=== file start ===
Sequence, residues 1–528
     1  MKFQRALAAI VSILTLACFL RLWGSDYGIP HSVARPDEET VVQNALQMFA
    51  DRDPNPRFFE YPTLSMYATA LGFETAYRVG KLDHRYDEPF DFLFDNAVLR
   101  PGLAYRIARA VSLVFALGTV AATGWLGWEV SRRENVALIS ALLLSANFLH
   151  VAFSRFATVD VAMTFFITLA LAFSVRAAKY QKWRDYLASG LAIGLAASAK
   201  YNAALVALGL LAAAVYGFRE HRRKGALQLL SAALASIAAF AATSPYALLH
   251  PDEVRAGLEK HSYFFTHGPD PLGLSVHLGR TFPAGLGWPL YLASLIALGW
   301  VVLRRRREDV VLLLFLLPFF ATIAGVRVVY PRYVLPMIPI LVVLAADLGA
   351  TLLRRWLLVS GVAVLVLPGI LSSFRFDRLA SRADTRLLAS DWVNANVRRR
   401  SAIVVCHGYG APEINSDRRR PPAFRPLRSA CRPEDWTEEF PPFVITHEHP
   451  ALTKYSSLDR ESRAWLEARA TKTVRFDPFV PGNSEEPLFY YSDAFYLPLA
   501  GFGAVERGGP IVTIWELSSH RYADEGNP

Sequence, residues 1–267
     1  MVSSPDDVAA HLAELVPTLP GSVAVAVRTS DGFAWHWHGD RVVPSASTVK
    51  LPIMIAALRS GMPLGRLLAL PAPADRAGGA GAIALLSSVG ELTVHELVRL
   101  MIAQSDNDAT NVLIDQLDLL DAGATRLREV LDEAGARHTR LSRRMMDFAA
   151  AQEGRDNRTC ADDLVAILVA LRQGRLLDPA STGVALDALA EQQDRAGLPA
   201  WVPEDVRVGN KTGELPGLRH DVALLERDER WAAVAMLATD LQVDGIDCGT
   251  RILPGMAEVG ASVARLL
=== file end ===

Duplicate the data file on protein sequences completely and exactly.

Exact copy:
Sequence, residues 1–528
     1  MKFQRALAAI VSILTLACFL RLWGSDYGIP HSVARPDEET VVQNALQMFA
    51  DRDPNPRFFE YPTLSMYATA LGFETAYRVG KLDHRYDEPF DFLFDNAVLR
   101  PGLAYRIARA VSLVFALGTV AATGWLGWEV SRRENVALIS ALLLSANFLH
   151  VAFSRFATVD VAMTFFITLA LAFSVRAAKY QKWRDYLASG LAIGLAASAK
   201  YNAALVALGL LAAAVYGFRE HRRKGALQLL SAALASIAAF AATSPYALLH
   251  PDEVRAGLEK HSYFFTHGPD PLGLSVHLGR TFPAGLGWPL YLASLIALGW
   301  VVLRRRREDV VLLLFLLPFF ATIAGVRVVY PRYVLPMIPI LVVLAADLGA
   351  TLLRRWLLVS GVAVLVLPGI LSSFRFDRLA SRADTRLLAS DWVNANVRRR
   401  SAIVVCHGYG APEINSDRRR PPAFRPLRSA CRPEDWTEEF PPFVITHEHP
   451  ALTKYSSLDR ESRAWLEARA TKTVRFDPFV PGNSEEPLFY YSDAFYLPLA
   501  GFGAVERGGP IVTIWELSSH RYADEGNP

Sequence, residues 1–267
     1  MVSSPDDVAA HLAELVPTLP GSVAVAVRTS DGFAWHWHGD RVVPSASTVK
    51  LPIMIAALRS GMPLGRLLAL PAPADRAGGA GAIALLSSVG ELTVHELVRL
   101  MIAQSDNDAT NVLIDQLDLL DAGATRLREV LDEAGARHTR LSRRMMDFAA
   151  AQEGRDNRTC ADDLVAILVA LRQGRLLDPA STGVALDALA EQQDRAGLPA
   201  WVPEDVRVGN KTGELPGLRH DVALLERDER WAAVAMLATD LQVDGIDCGT
   251  RILPGMAEVG ASVARLL